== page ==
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For a resilient society we must challenge the master narratives that catastrophise our past suffering with our own stories

music, cassette tape, cassette

Stories for me kick in about the time I finally began to do some interesting things with my working life. I spent a large chunk of my 20s and 30s helping groups of kids mostly (in schools mostly) across Ireland, Britain and in what was then a carefully delineated western Europe from Lisbon to Wilhelmina in northern Sweden to Keady in south Armagh. In west Berlin, nearly four years before the wall came down, I vaguely recall gathering a story …

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If you’re a commenter on Slugger, then please read this short note on civility, pain and learning…

I inadvertently got caught up in the staid drama of the US House of Representatives failing three times to elect a speaker. A small band of hold outs when to (in my limited view) the ludicrous extreme of voting for someone who didn’t want the job. It is emblematic of a modern era in which signalling discontent is more politically profitable pastime than fastening down the more challenging job of getting stuff done. This was a protest against the ‘secret …

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Ireland’s grand coalition (that Micheál Martin built) throws its job share switch half way through…

We live in a world where fewer journalists chase fewer and fewer stories. The change of Taoiseach just before Christmas has come with a flurry in the southern press chasing a newly refreshed PR initiative from the less-than-shy Leo Varadkar. The contrast with his predecessor Micheál Martin is stark. Martin’s love of and focus on policy means rather than the press there’s been very little in the media about what has been the most active period in central government in …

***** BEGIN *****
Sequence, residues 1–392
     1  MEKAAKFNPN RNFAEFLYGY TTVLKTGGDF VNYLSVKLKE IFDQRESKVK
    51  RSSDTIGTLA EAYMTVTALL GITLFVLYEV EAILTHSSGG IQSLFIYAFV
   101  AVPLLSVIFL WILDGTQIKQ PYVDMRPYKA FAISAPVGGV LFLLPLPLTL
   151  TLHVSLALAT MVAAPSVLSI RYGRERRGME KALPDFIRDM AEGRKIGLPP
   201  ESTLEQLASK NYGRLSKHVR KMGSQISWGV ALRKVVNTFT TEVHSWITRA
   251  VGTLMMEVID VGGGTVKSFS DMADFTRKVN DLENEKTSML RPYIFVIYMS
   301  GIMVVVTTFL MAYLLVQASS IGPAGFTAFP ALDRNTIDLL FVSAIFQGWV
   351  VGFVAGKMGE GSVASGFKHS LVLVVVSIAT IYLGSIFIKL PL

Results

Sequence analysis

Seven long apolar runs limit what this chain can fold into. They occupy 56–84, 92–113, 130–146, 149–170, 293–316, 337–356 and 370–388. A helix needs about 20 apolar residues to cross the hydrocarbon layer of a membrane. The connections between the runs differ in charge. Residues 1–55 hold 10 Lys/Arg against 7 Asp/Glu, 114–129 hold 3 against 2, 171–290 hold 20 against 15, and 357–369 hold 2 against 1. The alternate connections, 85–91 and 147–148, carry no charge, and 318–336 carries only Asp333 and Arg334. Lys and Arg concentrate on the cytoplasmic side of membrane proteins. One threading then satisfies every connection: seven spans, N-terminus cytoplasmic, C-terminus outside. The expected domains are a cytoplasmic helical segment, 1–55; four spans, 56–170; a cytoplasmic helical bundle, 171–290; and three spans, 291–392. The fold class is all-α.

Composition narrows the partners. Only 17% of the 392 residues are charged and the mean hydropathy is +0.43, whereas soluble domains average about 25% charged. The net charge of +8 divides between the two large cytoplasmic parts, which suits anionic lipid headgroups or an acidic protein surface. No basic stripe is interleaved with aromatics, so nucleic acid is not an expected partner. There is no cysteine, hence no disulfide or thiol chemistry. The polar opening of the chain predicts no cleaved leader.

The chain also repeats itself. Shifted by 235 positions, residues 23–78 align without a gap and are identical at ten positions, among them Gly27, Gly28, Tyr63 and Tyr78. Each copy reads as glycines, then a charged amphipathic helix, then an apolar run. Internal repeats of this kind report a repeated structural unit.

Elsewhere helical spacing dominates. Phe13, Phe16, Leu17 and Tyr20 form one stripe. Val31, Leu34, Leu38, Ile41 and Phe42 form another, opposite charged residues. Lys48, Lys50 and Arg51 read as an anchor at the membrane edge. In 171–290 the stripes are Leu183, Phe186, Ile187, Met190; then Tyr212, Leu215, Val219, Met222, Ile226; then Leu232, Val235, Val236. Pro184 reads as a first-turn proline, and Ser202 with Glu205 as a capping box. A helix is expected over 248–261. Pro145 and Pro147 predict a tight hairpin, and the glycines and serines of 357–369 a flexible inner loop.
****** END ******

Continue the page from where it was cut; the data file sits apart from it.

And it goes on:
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To “save” the Belfast Agreement we need a strategic deployment of our own democratic values

black traffic light

A variety of questions have been raised over the past few days in the Irish Times opinion pages, including Alex Kane’s asking whether the Belfast Agreement is worth saving at this stage. Those of us who know and love Alex know this is not a new tune. He’s one of life’s pessimists, though not without good reason. He was out on the doors during the twin disaster elections (for the UUP at least) in 2003 and 2005 which saw the end …

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Its tolerance for #Bullshit is slowly eating up the US’s once prodigious appetite for long term gains

man, secret, face

Nothing is true; everything is allowed. -Naked Lunch, William Burroughs This is a US story with useful universal lessons attached. Congressman Elect George Santos fate may be sealed by the fact his defence of his lies has taken a Woody Allen-ish comedic turn. He now claims that rather being a Jew or Jewish, he’s Jew-ish. As blogged here a long, long time ago, this is, quite literally, “Bullshit” [There’s a book on it! – Ed]. “Bullshit is trying to impress the listener …

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Real politics should co-evolve with experience, not just chase after a bunch of groundless abstractions

an abstract image of a purple and pink cube

Every model of abstraction you make, your models get prettier and prettier but the world you’re describing gets farther and farther away… -Katherine Collins One downside to institutional unsteadiness in Northern Ireland is that we end up talking about what might eventually replace them, rather than how to fix the obvious flaw of how easy it is for one party to lift the ball, walk off the pitch and end the game. Oran Doyle in the Irish Times observes: Northern …

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Beyond Civil War: What can the north learn from the south to make good on the promise of the Belfast Agreement?

body of water near bridge

“The way through this morass is to be more curious and less judgmental.” -Ted Lasso, fictional TV Soccer Coach “There was and is quite a lot to be proud of [in the modern Irish State]” was an apt final line in RTÉ’s documentary on the Irish Civil War which finished on Tuesday. It was a rare acknowledgment of an arduous journey rarely talked about in the south. That reluctance many lie in the fact that it’s only been in recent generations …